Self-Serve & Disruption


The pandemic has accelerated the wider adoption of online research globally, but it has also brought about new developments in methods and changes to the supply side of consumer insight.

Asia Research interviewed the heads of a range of research tech and insight firms to establish what have been some of the key developments in research technology in the last year.

All concur that self-serve online platforms have been adopted more in the past year, with more solution providers operating in this area.

James Rogers, Managing Director of PureSpectrum in Asia Pacific, comments that the market has evolved to utilise both ‘self-serve’ and ‘semi-self-serve’. The totally self-serve platforms often position themselves as SaaS offerings, while the semi-self-serve can be described as enterprise solution providers, whereby there are some service interactions with the agency, and less design and analysis/reporting. James says that users of self-serve tend to be small to mid-sized and agile agencies and brands who are working more nimbly towards rapid insight delivery.

Ludo Milet, Managing Director of Toluna in Asia Pacific, says that those using self-serve can often be end-clients with more straight forward questionnaires, and where speed of turnaround is crucial – for example, they might need to implement a study last minute, to field the survey over a weekend with results available in time for a Monday morning meeting.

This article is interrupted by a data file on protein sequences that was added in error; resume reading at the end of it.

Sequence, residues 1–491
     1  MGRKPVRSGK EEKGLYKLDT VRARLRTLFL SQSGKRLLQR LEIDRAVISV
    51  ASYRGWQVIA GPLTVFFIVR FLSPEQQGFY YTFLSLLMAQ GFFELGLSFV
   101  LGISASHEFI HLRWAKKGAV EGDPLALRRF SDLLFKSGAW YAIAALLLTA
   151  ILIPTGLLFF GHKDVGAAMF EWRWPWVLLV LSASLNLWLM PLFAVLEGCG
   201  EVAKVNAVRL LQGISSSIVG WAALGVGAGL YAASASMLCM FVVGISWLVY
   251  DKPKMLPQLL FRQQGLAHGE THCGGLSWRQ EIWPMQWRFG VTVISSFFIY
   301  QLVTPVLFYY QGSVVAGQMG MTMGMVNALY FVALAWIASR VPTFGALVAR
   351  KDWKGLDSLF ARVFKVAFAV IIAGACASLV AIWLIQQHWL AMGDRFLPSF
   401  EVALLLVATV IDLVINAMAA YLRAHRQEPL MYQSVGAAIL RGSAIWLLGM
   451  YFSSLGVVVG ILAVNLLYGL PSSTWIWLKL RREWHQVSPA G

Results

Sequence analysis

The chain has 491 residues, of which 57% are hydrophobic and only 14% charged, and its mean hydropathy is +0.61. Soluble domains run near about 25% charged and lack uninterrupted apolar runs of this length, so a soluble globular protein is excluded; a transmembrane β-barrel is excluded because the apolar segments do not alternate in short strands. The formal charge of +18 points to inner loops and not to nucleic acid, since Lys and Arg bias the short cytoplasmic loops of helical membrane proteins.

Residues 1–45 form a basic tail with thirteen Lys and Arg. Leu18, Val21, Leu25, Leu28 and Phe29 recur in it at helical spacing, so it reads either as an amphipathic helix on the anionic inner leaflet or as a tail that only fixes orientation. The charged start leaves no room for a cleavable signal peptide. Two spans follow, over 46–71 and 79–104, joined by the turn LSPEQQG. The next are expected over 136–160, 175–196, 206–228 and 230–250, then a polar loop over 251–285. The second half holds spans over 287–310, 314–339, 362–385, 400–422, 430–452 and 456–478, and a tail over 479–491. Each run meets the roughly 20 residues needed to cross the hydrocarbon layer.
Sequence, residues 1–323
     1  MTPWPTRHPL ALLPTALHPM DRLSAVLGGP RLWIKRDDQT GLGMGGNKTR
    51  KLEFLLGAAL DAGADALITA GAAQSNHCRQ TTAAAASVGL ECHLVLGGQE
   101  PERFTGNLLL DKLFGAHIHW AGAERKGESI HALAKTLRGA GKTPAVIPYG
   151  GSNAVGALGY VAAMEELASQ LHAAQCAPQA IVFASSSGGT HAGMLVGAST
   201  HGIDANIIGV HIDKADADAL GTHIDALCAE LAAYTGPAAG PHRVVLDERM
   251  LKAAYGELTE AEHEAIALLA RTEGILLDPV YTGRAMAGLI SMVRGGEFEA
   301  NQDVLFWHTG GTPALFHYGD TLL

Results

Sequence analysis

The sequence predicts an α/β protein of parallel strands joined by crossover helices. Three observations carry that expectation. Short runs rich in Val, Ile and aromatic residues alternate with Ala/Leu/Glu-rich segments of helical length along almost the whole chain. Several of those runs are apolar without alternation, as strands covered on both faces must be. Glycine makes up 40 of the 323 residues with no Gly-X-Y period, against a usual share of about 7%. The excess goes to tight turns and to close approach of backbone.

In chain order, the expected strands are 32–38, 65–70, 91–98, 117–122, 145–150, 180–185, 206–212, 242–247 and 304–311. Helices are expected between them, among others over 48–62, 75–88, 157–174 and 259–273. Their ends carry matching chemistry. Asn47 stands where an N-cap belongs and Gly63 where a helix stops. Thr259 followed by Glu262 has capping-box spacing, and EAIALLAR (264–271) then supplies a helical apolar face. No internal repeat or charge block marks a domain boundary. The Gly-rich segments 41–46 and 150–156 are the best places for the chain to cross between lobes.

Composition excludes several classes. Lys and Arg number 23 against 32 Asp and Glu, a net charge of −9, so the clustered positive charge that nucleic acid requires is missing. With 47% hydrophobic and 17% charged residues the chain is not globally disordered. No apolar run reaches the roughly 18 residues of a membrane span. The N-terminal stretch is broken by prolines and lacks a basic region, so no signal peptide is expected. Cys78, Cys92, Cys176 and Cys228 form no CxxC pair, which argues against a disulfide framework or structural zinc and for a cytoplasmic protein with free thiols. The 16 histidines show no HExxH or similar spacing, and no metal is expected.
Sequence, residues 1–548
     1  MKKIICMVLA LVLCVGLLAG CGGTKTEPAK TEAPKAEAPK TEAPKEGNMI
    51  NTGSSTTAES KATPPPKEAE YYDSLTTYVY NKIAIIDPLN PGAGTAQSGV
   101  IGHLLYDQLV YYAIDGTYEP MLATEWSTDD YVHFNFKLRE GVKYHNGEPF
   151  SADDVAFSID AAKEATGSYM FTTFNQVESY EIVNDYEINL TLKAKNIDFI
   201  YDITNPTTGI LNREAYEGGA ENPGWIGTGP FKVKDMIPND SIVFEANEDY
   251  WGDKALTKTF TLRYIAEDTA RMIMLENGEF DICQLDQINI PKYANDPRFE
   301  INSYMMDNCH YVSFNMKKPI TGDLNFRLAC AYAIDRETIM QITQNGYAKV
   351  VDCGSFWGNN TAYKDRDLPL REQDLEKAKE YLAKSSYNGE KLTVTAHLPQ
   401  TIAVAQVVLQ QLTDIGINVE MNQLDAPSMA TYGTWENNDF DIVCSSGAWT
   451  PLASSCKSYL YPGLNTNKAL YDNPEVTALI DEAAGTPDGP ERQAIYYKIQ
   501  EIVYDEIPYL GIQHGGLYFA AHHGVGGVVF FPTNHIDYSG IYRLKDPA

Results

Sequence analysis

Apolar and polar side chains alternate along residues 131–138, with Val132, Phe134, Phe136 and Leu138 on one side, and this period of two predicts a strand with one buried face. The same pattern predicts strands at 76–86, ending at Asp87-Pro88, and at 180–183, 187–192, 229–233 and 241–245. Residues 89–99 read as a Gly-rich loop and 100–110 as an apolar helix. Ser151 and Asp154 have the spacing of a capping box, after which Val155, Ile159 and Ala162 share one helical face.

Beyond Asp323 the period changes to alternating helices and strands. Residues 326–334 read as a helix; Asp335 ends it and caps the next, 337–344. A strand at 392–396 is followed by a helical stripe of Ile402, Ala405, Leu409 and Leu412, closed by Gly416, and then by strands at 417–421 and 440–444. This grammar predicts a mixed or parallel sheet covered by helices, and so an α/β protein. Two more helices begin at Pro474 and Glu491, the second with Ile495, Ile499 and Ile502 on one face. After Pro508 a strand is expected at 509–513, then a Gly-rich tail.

Ludo says that pack tests are now being delivered in end-to-end solutions. Clients are looking to buy both speed and economies of scale, for example to undertake 20+ concept tests over a week with fairly minor differences between each survey. This practice has been common in the West and is now catching on in Asia.

James Burge, Managing Director of Asia Pacific for Dynata, says that the pandemic has accelerated the need for self-serve, and Dynata have responded by acquiring specialist firms to increase their capabilities in end-to-end solutions, for example for ad pre-testing. James says that the pandemic has also seen steady growth in research on healthcare and from public sector clients.

Yukiya Nagata, CRO (Chief Revenue Officer) from GMO Research, says that they see two directions in demand for survey panels. One is for simple online questionnaires that are conducted by DIY surveys where they feed their panellists via system integrated API. The other is demand for more complicated sampling for non-standard surveys such as behavioural studies, which require extra permission from panellists in the use of their data. Tetsuya states: “With no doubt these are both growing demands, and that is why GMO Research are driven towards strengthening our panel, both in coverage and quality, rather than expanding our services. There are also more collaborations in data happening through API integrations.”